Although widely used, the true-false test is often regarded as a superficial or even harmful test, one that lacks the pedagogical efficacy of more substantive tests (e.g., cued-recall or short-answer tests). Such charges, however, lack conclusive evidence and may, in some cases, be false. Across four experiments, we investigated how true-false testing of studied passages (e.g., on Yellowstone National Park) might enhance—or be optimized to enhance—performance on subsequent cued-recall tests. In Experiments 1–2, relative to control performance that did not benefit from any additional exposure, we found that (a) the evaluation of true statements enhanced the recall of tested (but not related) content and that (b) the evaluation of false statements enhanced the recall of related (but not tested) content, a differential pattern of benefits that did not depend on the syntactic structure of the test items. Moreover, when competitive clauses were embedded within the true-false items of Experiment 3 (e.g., True or false? Castle Geyser (not Steamboat Geyser) is the tallest geyser), we found that the evaluation of both types of statements enhanced the recall of both types of content. Finally, in Experiment 4, these holistic benefits proved robust to a retention interval of 48 h and were comparable with the benefits of a restudy condition in which learners restudied all of the propositions that could have been retrieved in the evaluation of the true-false items. Accordingly, although it was not uncommon for participants to misremember information as a consequence of true-false practice, our findings broadly indicate that, especially when carefully constructed, true-false tests can elicit beneficial, not superficial, processes that belie their poor reputation.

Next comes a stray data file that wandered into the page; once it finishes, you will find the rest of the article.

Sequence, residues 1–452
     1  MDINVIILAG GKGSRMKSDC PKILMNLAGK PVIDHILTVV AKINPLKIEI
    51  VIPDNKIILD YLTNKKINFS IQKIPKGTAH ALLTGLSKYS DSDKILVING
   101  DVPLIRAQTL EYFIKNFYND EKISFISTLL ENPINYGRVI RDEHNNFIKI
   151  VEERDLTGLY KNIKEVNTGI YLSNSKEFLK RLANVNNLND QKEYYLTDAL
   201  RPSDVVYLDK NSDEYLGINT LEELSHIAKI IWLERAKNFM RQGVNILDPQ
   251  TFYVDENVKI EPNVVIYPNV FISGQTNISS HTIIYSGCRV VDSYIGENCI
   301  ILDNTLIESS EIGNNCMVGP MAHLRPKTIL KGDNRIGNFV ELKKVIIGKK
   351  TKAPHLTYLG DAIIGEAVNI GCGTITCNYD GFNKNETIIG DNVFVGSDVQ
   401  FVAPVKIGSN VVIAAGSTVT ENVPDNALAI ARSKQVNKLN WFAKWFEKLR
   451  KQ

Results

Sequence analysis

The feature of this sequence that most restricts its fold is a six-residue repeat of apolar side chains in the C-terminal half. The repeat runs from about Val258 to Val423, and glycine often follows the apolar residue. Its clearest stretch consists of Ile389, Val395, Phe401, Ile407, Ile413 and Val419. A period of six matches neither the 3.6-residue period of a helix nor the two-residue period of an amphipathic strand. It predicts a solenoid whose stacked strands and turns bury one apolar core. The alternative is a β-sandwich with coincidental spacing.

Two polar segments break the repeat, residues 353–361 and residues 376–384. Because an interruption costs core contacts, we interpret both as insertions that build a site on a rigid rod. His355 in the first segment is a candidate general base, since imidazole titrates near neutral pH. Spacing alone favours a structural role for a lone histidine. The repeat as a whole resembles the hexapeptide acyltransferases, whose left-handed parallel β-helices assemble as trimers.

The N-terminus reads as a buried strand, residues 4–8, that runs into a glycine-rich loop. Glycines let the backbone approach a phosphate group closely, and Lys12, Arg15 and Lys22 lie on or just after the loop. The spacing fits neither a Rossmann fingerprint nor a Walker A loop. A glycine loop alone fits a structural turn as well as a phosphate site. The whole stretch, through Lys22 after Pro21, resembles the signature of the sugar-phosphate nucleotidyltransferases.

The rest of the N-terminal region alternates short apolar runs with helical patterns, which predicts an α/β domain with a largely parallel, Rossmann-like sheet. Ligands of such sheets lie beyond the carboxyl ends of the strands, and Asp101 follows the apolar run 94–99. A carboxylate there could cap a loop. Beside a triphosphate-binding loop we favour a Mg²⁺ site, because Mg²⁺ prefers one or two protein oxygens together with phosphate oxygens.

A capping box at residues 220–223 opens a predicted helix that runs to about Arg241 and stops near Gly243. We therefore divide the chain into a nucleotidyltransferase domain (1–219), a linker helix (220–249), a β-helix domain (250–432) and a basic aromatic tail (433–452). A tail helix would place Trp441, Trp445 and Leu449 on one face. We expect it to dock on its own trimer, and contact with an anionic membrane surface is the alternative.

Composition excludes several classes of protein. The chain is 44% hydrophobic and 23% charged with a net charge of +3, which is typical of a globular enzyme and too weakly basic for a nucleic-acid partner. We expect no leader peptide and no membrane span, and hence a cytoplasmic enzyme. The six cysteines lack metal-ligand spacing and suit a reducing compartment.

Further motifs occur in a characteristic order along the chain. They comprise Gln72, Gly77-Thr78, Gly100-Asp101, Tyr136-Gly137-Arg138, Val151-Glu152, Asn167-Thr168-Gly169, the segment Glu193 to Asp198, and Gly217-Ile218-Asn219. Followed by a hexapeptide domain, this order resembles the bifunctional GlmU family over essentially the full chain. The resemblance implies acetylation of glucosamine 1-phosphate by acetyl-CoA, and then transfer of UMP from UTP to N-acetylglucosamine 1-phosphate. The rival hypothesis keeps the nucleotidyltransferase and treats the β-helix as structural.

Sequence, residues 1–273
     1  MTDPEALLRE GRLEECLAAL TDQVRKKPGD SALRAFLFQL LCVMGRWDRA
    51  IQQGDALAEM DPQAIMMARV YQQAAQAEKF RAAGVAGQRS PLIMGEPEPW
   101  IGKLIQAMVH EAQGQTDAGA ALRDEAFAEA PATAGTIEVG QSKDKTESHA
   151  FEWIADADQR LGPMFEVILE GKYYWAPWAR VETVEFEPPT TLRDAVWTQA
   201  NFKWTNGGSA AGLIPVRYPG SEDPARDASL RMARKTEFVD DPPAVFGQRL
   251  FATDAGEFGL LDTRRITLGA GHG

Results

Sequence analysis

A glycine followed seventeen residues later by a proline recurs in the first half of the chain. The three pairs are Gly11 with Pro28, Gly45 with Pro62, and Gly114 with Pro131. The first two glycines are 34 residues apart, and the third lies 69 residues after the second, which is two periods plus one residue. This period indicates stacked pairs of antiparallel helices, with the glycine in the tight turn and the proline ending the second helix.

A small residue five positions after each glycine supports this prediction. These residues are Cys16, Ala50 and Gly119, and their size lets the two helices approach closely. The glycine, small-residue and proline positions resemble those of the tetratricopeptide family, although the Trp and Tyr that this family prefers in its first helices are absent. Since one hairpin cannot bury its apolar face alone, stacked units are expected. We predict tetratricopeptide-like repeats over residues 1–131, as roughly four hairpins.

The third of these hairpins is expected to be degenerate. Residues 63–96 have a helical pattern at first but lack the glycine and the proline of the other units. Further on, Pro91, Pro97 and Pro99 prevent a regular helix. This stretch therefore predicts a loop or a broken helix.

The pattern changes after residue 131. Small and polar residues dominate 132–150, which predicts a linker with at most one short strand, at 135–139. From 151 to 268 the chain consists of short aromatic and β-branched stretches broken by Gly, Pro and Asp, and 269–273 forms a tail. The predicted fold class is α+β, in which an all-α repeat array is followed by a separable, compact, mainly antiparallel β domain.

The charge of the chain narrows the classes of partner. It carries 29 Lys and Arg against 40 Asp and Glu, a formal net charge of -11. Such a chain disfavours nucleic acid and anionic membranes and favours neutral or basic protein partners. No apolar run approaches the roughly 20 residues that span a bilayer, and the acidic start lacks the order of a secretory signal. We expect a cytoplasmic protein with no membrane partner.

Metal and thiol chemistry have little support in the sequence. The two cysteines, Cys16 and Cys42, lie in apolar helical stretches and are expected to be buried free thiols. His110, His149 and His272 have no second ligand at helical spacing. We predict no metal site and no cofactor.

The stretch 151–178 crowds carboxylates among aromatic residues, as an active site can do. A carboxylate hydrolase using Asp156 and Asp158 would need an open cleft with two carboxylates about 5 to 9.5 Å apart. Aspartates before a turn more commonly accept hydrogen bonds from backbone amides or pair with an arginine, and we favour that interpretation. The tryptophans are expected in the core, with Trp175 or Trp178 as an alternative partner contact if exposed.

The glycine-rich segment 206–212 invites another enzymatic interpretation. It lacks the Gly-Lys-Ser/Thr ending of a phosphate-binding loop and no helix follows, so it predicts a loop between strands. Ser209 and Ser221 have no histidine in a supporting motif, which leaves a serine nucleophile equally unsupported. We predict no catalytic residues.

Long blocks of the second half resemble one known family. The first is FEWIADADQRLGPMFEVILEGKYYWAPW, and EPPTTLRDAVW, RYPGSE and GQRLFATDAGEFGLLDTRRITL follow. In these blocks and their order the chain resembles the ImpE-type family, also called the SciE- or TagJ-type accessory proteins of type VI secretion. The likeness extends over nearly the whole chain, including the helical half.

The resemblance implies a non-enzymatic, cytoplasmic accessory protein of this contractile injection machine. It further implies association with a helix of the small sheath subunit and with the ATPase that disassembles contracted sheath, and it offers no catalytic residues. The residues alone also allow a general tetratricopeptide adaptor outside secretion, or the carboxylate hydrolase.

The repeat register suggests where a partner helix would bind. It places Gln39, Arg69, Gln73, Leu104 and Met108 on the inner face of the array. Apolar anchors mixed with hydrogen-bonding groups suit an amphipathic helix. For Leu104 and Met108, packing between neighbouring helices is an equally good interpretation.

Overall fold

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All procedures performed in studies involving human participants were in accordance with the ethical standards of the Office of the Human Research Protection Program at the University of California, Los Angeles (IRB# 11-002880) and with the 1964 Helsinki declaration and its later amendments or comparable ethical standards. Informed consent was obtained from all individual participants included in the study.
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Brabec, J.A., Pan, S.C., Bjork, E.L. et al. True-False Testing on Trial: Guilty as Charged or Falsely Accused?. Educ Psychol Rev 33, 667–692 (2021). https://doi.org/10.1007/s10648-020-09546-w
- Retrieval practice
- Educational psychology